The protection from the trees soon disappears, and the trail resumes cutting through the rocky walls of the canyon. It wasn't long before we were looking over the Devil’s Corkscrew; a section of switchbacks taking you further down into the canyon. It was in shade at the point, but I realised it wouldn’t be by the time I was coming back up. Even though it was still quite early, I could feel the heat setting in. We had a fantastic view of were about to walk, and it put the depth of the canyon into perspective. We were past half way, but I couldn’t see the rim anymore and I couldn't see the river. It was hard to fathom the enormity of the of the whole canyon when I remembered that we were only in one small portion of it.

When we reached the bottom of the Devil's Corkscrew, the trail flattened out. I knew we had to be close; the sound of running water was getting louder. We rounded a corner and the river came into the view, I don’t know if I was happy to have made it or was blown away by how beautiful it was. Probably a bit of both! It was 8.35 am, so my estimation of 3.5 hours was over by about an hour.

We walked onto a small beach by the river and we met PJ, who had walked down from the rim the same morning. I was surprised how cold the water was, but would appreciate it later during the hot walk back up. The current seemed quite strong, I don’t know it if was possible to swim, but I was happy to just get my feet wet.

It felt a bit early for lunch at 9 am, but I hadn’t eaten breakfast so I ate my sandwich anyway. Mark was staying at the river for his rafting trip, but PJ was walking back up. Wanting to avoid as much of the heat as possible, we headed back around 9.10 am. The section between the river and the Indian Garden was supposed to be the hardest part, having to go up the Devil’s Corkscrew which was then in the sun. We made quite good time, and even with a stop to cool off in a small stream, we were at the Indian Garden by 10.30 am. The highest the temperature had gotten was 38 C in the sun, 31 C in the shade.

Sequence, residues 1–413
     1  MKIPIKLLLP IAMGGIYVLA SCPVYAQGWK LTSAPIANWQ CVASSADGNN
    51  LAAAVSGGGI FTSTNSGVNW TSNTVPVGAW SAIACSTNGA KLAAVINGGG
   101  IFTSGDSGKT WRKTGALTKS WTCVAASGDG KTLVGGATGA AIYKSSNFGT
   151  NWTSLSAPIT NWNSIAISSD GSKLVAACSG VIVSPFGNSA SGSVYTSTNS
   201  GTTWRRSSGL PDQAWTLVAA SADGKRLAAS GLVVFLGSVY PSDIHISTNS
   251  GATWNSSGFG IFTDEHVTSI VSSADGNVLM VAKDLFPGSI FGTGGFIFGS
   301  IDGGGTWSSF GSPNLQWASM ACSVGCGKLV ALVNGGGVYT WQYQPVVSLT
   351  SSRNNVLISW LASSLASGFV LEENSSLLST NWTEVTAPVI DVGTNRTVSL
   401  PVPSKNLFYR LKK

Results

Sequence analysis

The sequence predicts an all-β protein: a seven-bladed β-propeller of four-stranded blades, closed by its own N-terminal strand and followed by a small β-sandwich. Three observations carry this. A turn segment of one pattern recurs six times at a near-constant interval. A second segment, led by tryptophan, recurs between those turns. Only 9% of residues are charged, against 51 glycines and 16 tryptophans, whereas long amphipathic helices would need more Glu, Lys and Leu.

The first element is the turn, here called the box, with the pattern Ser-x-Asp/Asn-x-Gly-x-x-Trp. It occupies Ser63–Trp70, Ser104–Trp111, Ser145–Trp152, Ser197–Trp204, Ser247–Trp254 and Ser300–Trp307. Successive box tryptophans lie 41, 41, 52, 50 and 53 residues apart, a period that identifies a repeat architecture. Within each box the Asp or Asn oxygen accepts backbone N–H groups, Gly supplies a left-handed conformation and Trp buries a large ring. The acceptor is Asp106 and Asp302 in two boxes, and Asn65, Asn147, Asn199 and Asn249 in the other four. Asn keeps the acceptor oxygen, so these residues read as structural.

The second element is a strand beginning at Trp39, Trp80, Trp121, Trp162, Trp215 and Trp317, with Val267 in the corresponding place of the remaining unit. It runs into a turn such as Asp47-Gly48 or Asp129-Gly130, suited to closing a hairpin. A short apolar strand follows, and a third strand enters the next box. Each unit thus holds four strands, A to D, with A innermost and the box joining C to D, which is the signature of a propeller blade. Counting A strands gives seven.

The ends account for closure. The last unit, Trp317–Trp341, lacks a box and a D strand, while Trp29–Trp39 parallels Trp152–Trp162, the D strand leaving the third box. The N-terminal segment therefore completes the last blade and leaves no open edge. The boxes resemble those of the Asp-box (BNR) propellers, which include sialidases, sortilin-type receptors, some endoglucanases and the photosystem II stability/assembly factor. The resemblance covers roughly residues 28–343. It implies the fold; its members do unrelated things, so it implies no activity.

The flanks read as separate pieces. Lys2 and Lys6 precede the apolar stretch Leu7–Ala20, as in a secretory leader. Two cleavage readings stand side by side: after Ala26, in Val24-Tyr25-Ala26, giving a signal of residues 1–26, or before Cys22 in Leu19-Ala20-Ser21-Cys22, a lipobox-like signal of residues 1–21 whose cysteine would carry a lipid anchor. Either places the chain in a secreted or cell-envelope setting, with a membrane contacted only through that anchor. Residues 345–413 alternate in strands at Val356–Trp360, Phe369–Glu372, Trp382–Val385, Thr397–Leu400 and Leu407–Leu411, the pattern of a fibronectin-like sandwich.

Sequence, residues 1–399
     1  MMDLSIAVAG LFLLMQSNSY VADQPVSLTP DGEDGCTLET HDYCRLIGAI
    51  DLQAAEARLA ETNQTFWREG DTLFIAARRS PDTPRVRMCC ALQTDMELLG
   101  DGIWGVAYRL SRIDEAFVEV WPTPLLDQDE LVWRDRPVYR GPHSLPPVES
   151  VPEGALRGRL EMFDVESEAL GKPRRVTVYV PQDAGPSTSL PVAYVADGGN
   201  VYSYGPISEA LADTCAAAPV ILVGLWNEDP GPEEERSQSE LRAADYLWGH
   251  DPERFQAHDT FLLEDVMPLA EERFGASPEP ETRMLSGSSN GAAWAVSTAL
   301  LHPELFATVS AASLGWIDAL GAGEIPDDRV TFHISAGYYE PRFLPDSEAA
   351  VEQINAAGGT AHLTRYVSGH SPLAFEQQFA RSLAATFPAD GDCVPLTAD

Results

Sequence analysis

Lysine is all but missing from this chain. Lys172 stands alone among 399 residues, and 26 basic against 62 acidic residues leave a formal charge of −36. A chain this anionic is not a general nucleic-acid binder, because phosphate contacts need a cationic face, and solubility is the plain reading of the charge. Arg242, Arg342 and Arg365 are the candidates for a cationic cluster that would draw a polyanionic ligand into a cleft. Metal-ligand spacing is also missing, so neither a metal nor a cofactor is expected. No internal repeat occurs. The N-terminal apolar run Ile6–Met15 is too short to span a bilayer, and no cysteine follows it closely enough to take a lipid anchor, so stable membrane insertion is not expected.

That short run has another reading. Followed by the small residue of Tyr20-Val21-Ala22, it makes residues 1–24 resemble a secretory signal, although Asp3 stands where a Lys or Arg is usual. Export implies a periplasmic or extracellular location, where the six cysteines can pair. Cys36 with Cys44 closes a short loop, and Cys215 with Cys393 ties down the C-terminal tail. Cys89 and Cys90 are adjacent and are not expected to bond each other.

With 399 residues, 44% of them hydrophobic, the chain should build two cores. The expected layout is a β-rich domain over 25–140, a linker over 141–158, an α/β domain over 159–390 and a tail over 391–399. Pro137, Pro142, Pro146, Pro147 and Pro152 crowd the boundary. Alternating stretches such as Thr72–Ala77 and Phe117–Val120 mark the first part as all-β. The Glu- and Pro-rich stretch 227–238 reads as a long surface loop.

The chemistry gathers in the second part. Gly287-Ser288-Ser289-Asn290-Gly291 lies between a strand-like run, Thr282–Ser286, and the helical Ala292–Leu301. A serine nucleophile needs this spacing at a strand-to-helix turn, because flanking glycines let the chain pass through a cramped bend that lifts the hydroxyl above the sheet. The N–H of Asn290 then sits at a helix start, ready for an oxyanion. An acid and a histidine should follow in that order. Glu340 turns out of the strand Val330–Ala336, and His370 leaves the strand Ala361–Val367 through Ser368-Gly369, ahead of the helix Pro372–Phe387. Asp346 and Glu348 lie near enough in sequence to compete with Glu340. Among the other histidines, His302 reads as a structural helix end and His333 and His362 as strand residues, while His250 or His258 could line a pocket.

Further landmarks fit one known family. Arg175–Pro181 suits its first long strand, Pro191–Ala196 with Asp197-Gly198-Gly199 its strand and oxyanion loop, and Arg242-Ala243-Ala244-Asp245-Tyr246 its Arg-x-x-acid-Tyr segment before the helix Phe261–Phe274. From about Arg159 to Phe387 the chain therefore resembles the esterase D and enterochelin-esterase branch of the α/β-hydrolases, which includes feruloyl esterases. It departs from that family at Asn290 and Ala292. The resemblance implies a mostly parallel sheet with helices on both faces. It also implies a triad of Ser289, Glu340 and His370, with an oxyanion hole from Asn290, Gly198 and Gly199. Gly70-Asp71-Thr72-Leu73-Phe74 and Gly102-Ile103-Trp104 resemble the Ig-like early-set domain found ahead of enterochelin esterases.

The Indian Garden is a beautiful part of the canyon. Historically it was used a resting point for tribes that inhabited the area, because of the tall trees protecting it from the heat and the cool breeze that passes through. The garden also has a small pool called Victor’s Oasis, which is surrounded by rocks you can sit on a put your feet in. It was a refreshing spot to sit and relax before the rest of the climb out (and also has taps for those who are running low on water!).

We stayed for almost an hour, and despite feeling pretty good at the time it got a lot harder from there. The last time I walked out from the Indian Garden I felt good the whole way, but the extra 7 km of walking up from the river was starting to take its toll. I was also a lot fitter in 2009; it was only 2 weeks after my best City to Surf. This year I haven’t done any running since May, and even that was nothing impressive.

We pushed through the 3 mile rest point, but stopped at the final one before the rim to refill our water. The top of the canyon still looked fairly far away to me (though PJ said it seemed close!). We estimated about another half an hour of walking, but we were going so slow it seemed a lot longer. I could feel blisters on the bottom of my toes, though we were so close that the excitement of almost having made it overshadowed any pain. We arrived back at the top at 1.45 pm; which was about 4 hours of walking time on the way up. Exhaustion kicked in later that afternoon after the most important thing, a celebratory drink, had been taken care of.

The experience was amazing, and even though it was tough I'm glad to have done it. The river was beautiful and the canyon itself is stunning. I’m not sure any words or photos can do it justice, I think it is something that can only be explained by seeing it yourself.
Would I go back? Absolutely. Would I walk to the river and back in a day again? Once was definitely enough! If I go back, I would camp at the river overnight, or walk to a waterfall or springs in a different part of the canyon.

Now for my disclaimer: the official advice from the Grand Canyon National Park is not to attempt a trip to the river in one day. The warnings should be taken seriously. The Bright Angel trail is a 30 km round trip to the river, including 15 km of walking uphill, most with little or no shade. The people I know who have done the round trip in a day are experienced runners, bushwalkers or riders. If you are unsure, it is better to camp overnight at the river. This blog is a description of my experience, not a recommendation to attempt the trip.